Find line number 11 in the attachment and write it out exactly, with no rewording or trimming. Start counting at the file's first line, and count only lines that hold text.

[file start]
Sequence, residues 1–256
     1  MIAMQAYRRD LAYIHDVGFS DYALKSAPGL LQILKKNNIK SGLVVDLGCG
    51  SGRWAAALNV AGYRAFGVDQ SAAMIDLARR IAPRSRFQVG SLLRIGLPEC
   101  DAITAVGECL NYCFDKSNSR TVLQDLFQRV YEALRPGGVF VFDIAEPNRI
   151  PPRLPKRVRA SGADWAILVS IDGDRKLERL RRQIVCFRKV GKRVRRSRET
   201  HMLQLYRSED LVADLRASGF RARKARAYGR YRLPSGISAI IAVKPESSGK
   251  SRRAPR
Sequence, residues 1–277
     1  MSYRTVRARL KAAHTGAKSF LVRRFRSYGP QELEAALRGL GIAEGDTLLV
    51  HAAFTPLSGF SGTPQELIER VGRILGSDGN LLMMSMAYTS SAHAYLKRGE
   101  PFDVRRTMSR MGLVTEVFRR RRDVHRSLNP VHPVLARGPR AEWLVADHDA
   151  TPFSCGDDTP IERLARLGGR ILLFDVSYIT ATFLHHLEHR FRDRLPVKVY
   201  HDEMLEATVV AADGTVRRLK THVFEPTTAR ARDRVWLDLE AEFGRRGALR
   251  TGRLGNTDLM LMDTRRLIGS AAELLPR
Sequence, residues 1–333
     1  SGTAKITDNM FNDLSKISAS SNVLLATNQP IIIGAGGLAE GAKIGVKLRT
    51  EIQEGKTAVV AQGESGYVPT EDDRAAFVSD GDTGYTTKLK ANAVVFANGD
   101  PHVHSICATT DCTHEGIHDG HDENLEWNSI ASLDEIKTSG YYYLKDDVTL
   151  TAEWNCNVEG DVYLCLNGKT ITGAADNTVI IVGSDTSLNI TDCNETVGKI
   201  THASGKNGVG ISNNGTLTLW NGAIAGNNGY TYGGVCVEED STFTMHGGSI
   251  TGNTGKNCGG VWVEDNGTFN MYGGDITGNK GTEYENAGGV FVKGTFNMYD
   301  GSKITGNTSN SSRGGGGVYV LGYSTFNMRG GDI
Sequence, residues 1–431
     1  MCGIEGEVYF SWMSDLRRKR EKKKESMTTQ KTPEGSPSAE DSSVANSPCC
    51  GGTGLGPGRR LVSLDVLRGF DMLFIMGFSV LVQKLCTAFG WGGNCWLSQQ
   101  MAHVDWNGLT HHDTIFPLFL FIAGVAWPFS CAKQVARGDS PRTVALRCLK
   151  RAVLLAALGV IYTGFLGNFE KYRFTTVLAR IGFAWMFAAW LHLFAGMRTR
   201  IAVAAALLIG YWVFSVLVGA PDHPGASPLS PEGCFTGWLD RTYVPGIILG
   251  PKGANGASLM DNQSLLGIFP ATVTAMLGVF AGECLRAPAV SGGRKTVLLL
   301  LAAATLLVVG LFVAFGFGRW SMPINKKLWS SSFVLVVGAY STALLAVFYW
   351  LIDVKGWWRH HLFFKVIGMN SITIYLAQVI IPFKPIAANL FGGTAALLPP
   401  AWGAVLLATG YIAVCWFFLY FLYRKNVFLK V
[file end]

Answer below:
   101  PFDVRRTMSR MGLVTEVFRR RRDVHRSLNP VHPVLARGPR AEWLVADHDA